He looped around in the grass, flanking the mine mouth, slow, quiet now, crouching a little.
He joins Donohue in flanking the man as he disappears behind a partition and from camera view.
Scouts were sent ahead, and flanking parties were thrown out.
There were the flanking ships and all the martial array of the fleet.
Gradually this fire was extended until the flanking positions of the Boers north-east and south-east were also engaged.
Only the chancel with its flanking chapels and the transept have been built.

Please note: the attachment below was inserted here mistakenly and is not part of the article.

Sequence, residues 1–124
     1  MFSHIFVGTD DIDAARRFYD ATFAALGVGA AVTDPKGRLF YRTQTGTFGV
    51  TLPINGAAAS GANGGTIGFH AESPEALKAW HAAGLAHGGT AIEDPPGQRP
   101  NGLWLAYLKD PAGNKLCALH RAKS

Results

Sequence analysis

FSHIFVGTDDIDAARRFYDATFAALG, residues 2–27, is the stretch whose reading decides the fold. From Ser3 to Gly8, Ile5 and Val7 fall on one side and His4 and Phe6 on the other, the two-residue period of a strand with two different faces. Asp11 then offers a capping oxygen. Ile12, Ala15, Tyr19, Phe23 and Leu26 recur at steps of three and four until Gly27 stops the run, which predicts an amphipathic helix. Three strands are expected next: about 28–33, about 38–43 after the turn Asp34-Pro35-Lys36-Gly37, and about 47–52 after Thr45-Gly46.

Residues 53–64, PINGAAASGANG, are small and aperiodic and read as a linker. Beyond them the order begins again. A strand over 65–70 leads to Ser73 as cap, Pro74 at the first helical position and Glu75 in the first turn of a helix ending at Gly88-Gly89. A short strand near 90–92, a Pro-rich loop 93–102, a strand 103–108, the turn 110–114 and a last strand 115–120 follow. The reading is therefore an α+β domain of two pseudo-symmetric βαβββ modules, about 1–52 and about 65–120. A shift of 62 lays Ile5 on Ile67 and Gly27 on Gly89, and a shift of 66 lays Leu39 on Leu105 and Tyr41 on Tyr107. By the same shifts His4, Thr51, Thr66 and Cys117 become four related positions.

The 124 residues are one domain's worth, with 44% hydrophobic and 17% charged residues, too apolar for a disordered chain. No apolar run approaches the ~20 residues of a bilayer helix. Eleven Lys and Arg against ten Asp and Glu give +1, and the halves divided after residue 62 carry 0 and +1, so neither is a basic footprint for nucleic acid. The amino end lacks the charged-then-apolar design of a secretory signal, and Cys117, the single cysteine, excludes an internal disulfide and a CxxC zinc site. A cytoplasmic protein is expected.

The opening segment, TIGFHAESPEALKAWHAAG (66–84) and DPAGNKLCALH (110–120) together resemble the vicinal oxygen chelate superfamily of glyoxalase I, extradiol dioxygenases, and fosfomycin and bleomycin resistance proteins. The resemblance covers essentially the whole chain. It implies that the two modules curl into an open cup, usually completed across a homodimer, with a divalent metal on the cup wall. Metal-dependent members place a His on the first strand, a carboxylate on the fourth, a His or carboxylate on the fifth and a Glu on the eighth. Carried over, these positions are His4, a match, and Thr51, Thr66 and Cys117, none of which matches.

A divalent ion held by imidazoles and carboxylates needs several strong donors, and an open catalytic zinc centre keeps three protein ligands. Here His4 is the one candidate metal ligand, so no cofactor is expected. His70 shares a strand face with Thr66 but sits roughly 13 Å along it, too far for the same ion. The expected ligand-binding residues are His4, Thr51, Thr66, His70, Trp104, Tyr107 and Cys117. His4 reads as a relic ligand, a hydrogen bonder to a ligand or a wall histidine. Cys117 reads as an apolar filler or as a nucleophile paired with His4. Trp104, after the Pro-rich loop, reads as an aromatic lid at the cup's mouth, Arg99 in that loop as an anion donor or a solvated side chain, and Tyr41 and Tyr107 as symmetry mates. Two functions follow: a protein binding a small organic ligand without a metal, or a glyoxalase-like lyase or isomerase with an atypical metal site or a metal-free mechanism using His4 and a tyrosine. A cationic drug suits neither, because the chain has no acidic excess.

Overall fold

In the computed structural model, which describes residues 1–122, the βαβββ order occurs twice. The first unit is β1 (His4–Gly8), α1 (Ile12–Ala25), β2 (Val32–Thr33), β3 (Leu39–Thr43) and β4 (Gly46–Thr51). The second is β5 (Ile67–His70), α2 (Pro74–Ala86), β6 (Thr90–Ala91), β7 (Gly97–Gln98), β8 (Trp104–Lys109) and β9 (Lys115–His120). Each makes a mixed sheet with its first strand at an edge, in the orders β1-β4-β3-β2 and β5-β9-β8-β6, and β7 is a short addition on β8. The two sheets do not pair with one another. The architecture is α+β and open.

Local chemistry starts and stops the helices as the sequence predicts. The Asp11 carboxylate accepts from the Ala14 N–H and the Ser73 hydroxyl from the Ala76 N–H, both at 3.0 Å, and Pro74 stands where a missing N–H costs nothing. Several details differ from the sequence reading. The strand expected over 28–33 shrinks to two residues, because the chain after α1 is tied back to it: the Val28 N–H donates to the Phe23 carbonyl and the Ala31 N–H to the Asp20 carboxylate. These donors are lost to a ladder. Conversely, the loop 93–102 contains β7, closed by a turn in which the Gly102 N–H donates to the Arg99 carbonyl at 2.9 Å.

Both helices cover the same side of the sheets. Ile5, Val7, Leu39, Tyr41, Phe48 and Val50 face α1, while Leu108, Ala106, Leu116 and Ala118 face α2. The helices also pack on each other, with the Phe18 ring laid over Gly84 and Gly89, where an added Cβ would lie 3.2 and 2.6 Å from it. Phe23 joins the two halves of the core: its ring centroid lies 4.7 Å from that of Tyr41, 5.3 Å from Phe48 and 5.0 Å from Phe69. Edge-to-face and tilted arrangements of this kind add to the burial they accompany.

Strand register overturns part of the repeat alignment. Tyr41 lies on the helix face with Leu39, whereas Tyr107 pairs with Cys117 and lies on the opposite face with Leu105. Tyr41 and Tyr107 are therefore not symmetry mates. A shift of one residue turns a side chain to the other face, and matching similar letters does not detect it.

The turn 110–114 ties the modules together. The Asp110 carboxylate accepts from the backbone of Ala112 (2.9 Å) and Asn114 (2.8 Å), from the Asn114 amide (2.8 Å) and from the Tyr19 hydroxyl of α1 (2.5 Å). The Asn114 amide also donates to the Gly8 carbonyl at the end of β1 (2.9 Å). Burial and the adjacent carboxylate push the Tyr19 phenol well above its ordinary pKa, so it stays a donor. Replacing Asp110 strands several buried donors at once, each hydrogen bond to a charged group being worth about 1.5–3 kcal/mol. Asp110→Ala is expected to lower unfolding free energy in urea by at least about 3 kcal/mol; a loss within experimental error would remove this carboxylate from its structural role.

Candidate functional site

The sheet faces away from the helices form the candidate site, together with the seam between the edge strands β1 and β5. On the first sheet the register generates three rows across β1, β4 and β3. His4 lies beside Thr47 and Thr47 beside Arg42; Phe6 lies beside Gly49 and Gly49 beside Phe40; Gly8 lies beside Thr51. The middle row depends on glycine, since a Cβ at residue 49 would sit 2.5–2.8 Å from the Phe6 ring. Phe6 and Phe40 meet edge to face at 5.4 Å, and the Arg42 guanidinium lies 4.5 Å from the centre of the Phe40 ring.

Backing and flanking the walls appear to have been other houses, smaller but built in the same fashion as Casa Grande.
The composition is completed by a wall with parapet and flanking towers.
The two flanking parties made their way carefully around, and at a signal, a rush was made.
Then I heard one of our own line cry, "My God, they're flanking us!"
late Old English flanc "fleshy part of the side," from Old French flanc, probably from Frankish *hlanca (cf. Old High German (h)lanca, Middle High German lanke "hip joint," German lenken "to bend, turn, lead"), from PIE root *kleng- "to bend, turn" (see link (n.)). The military sense is first attested 1540s, as is the verb. Related: Flanked; flanking.
The side of the body between the pelvis or hip and the last rib; the side.
The section of flesh in that area.